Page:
“What a difference a day makes, twenty-four little hours”, sang Dinah Washington in 1959. Well, perhaps not a day, but a few weeks anyway. Sell off, what sell off? Markets have been rallying as if there is not a care in the world. Since Spy’s last column the Easter bunny has been delivering chocolate to children around the world. The Federal reserve went one better and simply handed out trucks full of dollars to its favourites. Spy spoke to two PMs this week who were brutally honest. They both did not buy this dramatic rally in their hearts, especially with catastrophic job numbers emerging everywhere and economic data that is more shocking than a Park Chan-wook movie. However, they both said the same thing: “If we don’t buy, we will look like fools when clients call.” Both were terrified of the dreaded passive ETF comparison. Ah, there’s the rub.
News reaches Spy that Canaccord Genuity Wealth Management International (CGWM), the global asset and wealth management arm of one of Canada’s largest financial firms, has a new CEO. Andy Finch has been promoted to CEO after a long career within that business. Andy should be well known to many wealth advisers in Asia as he was, for a long time, the international sales director for the firm. The manager is best known for its range of multi-asset funds and its discretionary outsourced proposition. CGWM has an office in Singapore, which is headed up by Nick Teo, through which it serves the Asia region. The business currently has nearly £30bn ($37bn) in assets under management in its international arm, according to its website.
It is reporting season and firms are having to reveal the effects of COVID on their businesses. Relatively few are unscathed, notes Spy. Jupiter Asset Management put out a trading update to the end of March 2020, this week, and the scale of the carnage was evident to see. Net outflows were £2.3bn with a decrease in AUM of £7.8bn in total, leaving the firm with £35bn under management. £5.5bn of that decrease, was simply market fluctuations. Jupiter is currently acquiring Merian Global Investors and Merian, proportionally, has suffered even worse. Merian’s outflows were £2.6bn and a negative £4.1bn in market related reductions, leaving the firm with just under £16bn in AUM. Jupiter reiterated that it planned to go ahead with the acquisition of Merian, as it noted, “Despite the market volatility which both firms have experienced, the strategic and financial rationale of the acquisition remains compelling.” Ashmore, the FTSE-250 listed emerging markets specialist, also announced net outflows of $3.6bn and $18bn in market related losses, bringing its AUM down to $77bn. The markets have bounced strongly since the end of March and Spy would not be surprised to see those market losses having been substantially trimmed since then.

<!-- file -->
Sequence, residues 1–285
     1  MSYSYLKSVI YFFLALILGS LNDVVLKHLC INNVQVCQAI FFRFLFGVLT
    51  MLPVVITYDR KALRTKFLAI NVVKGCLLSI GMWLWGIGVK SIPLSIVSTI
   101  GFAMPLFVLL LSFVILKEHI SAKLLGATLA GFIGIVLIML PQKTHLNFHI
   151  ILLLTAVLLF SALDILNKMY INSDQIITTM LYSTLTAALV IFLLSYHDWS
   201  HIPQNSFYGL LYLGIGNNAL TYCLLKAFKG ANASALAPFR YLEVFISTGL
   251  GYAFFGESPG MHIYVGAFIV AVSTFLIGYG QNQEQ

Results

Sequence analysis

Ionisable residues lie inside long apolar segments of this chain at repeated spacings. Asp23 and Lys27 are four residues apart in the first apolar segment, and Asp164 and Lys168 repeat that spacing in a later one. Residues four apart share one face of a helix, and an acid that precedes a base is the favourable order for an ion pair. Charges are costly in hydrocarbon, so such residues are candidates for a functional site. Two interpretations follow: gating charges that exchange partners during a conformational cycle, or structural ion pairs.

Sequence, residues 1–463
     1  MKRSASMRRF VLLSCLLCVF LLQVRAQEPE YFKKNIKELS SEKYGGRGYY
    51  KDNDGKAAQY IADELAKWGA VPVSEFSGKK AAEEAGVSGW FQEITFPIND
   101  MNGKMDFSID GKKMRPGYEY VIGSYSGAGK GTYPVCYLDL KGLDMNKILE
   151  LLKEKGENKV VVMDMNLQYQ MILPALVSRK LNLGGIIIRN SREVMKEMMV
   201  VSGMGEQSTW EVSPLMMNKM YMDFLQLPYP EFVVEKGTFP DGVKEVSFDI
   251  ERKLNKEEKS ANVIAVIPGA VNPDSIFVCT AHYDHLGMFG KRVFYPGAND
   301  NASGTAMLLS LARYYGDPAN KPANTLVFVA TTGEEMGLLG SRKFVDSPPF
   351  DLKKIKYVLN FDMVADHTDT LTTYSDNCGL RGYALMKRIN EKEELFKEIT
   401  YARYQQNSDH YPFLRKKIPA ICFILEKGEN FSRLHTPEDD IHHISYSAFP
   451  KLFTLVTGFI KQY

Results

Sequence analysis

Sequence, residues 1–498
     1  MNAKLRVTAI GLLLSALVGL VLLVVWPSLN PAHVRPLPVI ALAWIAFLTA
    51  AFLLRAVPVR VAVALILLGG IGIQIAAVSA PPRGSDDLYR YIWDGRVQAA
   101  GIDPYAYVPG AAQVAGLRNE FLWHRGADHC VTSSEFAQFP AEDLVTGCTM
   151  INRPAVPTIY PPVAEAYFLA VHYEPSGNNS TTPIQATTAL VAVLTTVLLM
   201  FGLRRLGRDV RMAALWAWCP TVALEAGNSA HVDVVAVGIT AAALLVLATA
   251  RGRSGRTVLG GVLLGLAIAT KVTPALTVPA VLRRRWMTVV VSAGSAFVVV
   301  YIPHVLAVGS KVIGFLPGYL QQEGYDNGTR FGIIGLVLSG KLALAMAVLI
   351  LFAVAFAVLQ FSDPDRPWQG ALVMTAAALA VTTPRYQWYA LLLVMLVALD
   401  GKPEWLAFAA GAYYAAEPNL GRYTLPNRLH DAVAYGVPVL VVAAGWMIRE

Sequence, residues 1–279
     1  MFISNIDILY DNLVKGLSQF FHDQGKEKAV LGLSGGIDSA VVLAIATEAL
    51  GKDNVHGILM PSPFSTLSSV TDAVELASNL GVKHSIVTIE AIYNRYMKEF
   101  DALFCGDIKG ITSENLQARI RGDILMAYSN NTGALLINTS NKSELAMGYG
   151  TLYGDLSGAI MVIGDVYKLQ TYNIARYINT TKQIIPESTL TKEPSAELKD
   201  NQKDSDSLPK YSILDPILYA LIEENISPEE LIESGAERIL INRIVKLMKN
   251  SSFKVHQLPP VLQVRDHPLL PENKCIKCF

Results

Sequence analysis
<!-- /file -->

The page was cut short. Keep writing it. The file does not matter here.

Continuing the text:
No doubt there are many others lurking and, as yet, unheralded, but Spy has come across the first fund to close since the sell off. Algebris has liquidated its Quant Arbitrage Fund as performance suffered in the great COVID sell off. The fund was only launched in May 2019 and was designed to take advantage of spikes in volatility. Clearly, however, not quite the level of volatility the market has thrown about assumes Spy. It is not all bad news for the London-headquartered firm: the manager launched a third Italian non-performing loan fund in February, to take advantage of distress in that market with an initial raise of $125m, ultimately targeting $1bn in capacity. No doubt there are now investment opportunities galore for that strategy. Algebris manages about $12bn in both credit and equity strategies and has offices in Singapore and Japan.
Spy was reminded this week of that classic scene in 80s movie, When Harry Met Sally. It is the restaurant scene when Sally, in a less than discreet manner, is faking an orgasm and the elderly lady sitting nearby says to the waitress, “I’ll have what she is having.” Why are you thinking of dated rom-coms, Spy, you ask? It was the note by Rick Rieder, director of Blackrock’s global allocation unit: “We will follow the Fed and other [developed market] central banks by purchasing what they’re purchasing, and assets that rhyme with those.” With markets practically having an orgasm over central bank printing and buying, it does not surprise that Blackrock (and others) want what they are having. Spy wonders, however, if the experience will be as fake as Sally’s.
Funnily enough, Spy spotted this little market push from Blackrock. When you have been given the role of buying credit for the Fed, you may well be doing your clients a favour by reminding them that prices in credit may just be moving up….
Spy spoke to one asset management CEO this week in Singapore. Spy asked what clients are looking for in the volatile times. He responded, “Pretty much the only thing we hear from clients is that we should be diversified and managers had better find companies with strong balance sheets.” Spy has to ask, when don’t clients want diversification and companies with strong balance sheets?
There is much speculation this morning that Gilead Science’s drug, Remdesivir, may help Coronoavirus patients. The firm has not exactly shouted about the success of its drug, but that has not stopped others shouting from the rooftop on its behalf. Knowing how cautious the FDA is, Spy is not holding his breath that this is the breakthrough drug the world is waiting for, or that it will be approved for use any time soon. Still, anything to keep that rally going…
Spy was sent this little titbit from a reader this week. It is the return figures of the Nasdaq 100 since 2009. Spy looks at this astonishing table and asks, how does the average active fund compete with this kind of performance? If you were a wealth manager it would be fairly easy to simply say, “Buy the Nasdaq 100 ETF every month and go to the beach. See you in a decade.”
Until next week…